A reaction to Enron- and WorldCom-type accounting scandals, the Sarbanes-Oxley Act (SOX) became law on July 30, 2002. Although the sweeping legislation had unassailable goals—preventing and deterring future accounting fraud, protecting shareholders and increasing confidence in public company financial reporting and, thus, in the U.S. capital markets—it was divisive. It imposed tremendous new duties and costs on public companies and accounting firms, and a decade later, people are still split about whether the money, time and focus lost to SOX are worth the benefits it’s yielded.
The most prominent change SOX engendered was a shift from a perspective that the board serves management to a perspective that management is working for the board. “That’s what our corporate structure in the U.S. intended, but you were seeing it exercised less in the day-to-day and more in the formalities of documentation,” says Ralph DeMartino, chair of the global securities group at Cozen O’Connor. “That’s been a radical shift.”
SOX required companies to disclose whether their senior executives and financial officers followed a code of ethics. If they didn’t have one, they had to explain why. Around the same time, both the New York Stock Exchange and Nasdaq adopted rules requiring that listed companies adopt and disclose a code of conduct. While the SOX rule didn’t require adoption of a code, it made clear that the SEC expected one.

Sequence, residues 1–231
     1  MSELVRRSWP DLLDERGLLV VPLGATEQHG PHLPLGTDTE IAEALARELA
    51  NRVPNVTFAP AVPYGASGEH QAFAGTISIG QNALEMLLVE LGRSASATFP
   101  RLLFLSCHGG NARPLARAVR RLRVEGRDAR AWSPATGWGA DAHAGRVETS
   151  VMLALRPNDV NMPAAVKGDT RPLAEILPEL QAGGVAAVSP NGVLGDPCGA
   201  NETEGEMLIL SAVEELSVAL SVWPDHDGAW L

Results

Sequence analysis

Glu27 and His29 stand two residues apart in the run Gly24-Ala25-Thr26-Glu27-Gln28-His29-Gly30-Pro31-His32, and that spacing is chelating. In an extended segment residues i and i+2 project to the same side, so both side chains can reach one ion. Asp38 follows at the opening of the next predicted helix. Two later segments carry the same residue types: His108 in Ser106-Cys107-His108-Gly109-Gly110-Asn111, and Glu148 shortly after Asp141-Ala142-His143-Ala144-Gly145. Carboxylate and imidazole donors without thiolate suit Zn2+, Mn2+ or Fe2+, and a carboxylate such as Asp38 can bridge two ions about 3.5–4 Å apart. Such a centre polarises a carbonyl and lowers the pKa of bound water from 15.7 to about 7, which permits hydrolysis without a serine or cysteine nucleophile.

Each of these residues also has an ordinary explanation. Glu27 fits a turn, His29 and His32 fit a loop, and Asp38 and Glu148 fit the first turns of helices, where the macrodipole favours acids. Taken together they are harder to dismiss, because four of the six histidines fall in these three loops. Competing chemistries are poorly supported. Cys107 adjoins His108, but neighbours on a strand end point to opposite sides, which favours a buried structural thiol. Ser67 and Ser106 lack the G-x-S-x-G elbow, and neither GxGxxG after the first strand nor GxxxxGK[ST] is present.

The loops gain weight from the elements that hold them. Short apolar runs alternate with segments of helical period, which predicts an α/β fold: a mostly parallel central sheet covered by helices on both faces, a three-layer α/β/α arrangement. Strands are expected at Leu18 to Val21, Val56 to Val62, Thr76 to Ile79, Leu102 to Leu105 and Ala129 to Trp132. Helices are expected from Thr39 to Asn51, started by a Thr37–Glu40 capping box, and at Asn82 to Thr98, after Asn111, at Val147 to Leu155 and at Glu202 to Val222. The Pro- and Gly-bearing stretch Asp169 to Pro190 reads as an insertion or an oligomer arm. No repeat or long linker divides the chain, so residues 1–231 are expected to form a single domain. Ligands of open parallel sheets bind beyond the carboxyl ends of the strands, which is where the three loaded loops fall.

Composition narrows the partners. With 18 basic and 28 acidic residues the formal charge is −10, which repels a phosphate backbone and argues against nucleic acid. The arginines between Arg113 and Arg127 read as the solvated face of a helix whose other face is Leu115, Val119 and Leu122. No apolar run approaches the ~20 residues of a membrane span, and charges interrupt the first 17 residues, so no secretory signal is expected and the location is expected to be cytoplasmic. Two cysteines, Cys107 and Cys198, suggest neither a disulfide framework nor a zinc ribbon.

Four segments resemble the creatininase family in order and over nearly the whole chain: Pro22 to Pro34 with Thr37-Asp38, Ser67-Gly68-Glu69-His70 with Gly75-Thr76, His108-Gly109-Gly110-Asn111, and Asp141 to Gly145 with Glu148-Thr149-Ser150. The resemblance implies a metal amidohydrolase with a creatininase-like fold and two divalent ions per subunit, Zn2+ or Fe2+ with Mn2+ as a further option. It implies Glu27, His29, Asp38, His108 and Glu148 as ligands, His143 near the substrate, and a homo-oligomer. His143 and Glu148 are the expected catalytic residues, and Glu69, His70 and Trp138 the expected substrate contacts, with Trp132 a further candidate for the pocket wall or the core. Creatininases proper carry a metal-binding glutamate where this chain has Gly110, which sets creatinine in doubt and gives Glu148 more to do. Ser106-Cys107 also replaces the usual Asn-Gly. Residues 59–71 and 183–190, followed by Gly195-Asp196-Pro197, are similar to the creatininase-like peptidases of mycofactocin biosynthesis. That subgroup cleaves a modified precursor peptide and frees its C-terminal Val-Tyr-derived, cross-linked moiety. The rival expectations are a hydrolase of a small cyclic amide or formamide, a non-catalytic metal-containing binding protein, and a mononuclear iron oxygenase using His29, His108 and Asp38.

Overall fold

SOX created the independent Public Company Accounting Oversight Board (PCAOB) in 2002 to oversee the independent auditors of public companies, replacing a self-regulatory scheme and mandating true independence. The Board’s inspection powers mean the audits of companies’ internal controls are subject to scrutiny.
SOX created an SEC rule that requires in-house and outside lawyers practicing before the SEC to report evidence of a material violation to the company’s CLO or CEO. The CLO then must investigate the evidence and take reasonable steps to respond to the report. If the reporting attorney isn’t satisfied with that response, the lawyer must then report the potential misconduct to the audit or another committee.
Shareholder activism is increasing, with Dodd-Frank pushing forward shareholder proxy access and “say on pay” compensation advisory rules. Such trends have their roots in SOX and the Enron-era corporate scandals, which shoved issues like executive compensation and board independence into the spotlight.
There’s no doubt that SOX compliance is costly. By their fourth year of SOX compliance, most organizations spend in the range of $100,000 to $1 million annually on compliance-related activities, according to a 2011 survey by Protiviti, an audit and risk consultancy. That doesn’t include the time and focus board members and executives must spend on compliance matters.
Among other measures, SOX extended the statute of limitations for the SEC to pursue actions and increased the penalties at their disposal. According to Currier, SOX changed the balance of power between companies and prosecutors, putting prosecutors in the driver’s seat.
Private companies that aren’t subject to SOX reforms have nonetheless adopted some of its provisions as best practices, such as ensuring the independence of directors and adopting audit and audit committee procedures.